Amy Turk, LCSW

Name                        
Amy Turk, LCSW
Title                          
Chief Executive Officer
Pronouns
she/her/hers                         

 

Amy Turk is the Chief Executive Officer of the Downtown Women’s Center (DWC), the only organization in Los Angeles focused exclusively on serving and empowering women experiencing homelessness. Serving 5000 women each year, DWC envisions a Los Angeles with every woman housed and on a path to personal stability. 

Amy has worked in the homeless services and mental health field since 2001, including for five years as DWC’s Chief Program Officer, where she administered five programs serving over 3,000 adult women experiencing homelessness and led 80 staff members with oversight of a $6 million budget. In 2018, Amy was named DWC’s Chief Innovation Officer, providing strategic leadership for the development of new organizational projects and fostering of vital community partners. In this role, Amy doubled the amount of supportive housing units for women across Los Angeles, grew a body of knowledge around implementing Trauma Informed Care, and created the Domestic Violence Homeless Services Coalition. 

Prior to joining DWC, she was the Director of Daybreak, a project of The People Concern in Santa Monica, California, serving women experiencing homelessness through shelter, housing, and supportive day programming.

She is a John A. Hartford Foundation Practice Change Leader award recipient for her efforts to improve healthcare for older adults experiencing homelessness, one of the founders of 1-in-4, a national social change movement to end homelessness among women, and the Board Chair for Los Angeles Central Providers Collaborative. Amy holds a bachelor’s degree in sociology from Pepperdine University and a master’s in social work from California State University, Los Angeles.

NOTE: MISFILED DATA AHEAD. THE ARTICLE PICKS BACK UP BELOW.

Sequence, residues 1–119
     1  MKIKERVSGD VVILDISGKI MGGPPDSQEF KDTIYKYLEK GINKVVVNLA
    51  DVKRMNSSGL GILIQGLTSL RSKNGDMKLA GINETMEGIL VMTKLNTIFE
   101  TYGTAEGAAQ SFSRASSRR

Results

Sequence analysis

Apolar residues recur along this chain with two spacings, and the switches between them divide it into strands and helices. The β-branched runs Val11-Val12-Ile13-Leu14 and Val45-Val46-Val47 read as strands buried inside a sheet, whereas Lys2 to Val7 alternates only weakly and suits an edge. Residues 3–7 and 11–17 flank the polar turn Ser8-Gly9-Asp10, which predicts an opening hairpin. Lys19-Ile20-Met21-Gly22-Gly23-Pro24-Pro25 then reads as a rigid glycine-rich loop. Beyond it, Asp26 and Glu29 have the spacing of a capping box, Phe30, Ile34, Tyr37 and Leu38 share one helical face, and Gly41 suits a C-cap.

Ask Me About         

Trauma-Informed Care and Resiliency Community Building, my favorite researchers on homelessness, and feminist cross-stitch patterns.

Proudest Moment Working for DWC    

My proudest moment was when one of our participants, who previously said she was too scared to share her talents with our community, decided to sing a beautiful song in front of all of her peers. She approached me at our monthly community meeting and asked if she could sing to the others. She now attributes that moment as giving her the courage to speak up as an advocate to policy makers and serve on behalf of the women at DWC as Chair of our Resident and Participant Advisory Board.